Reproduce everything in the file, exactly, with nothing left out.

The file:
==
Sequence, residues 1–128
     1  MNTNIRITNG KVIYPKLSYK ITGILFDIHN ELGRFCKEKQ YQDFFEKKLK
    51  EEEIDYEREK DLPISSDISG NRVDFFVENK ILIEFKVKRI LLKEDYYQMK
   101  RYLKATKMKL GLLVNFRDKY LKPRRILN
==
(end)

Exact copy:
Sequence, residues 1–128
     1  MNTNIRITNG KVIYPKLSYK ITGILFDIHN ELGRFCKEKQ YQDFFEKKLK
    51  EEEIDYEREK DLPISSDISG NRVDFFVENK ILIEFKVKRI LLKEDYYQMK
   101  RYLKATKMKL GLLVNFRDKY LKPRRILN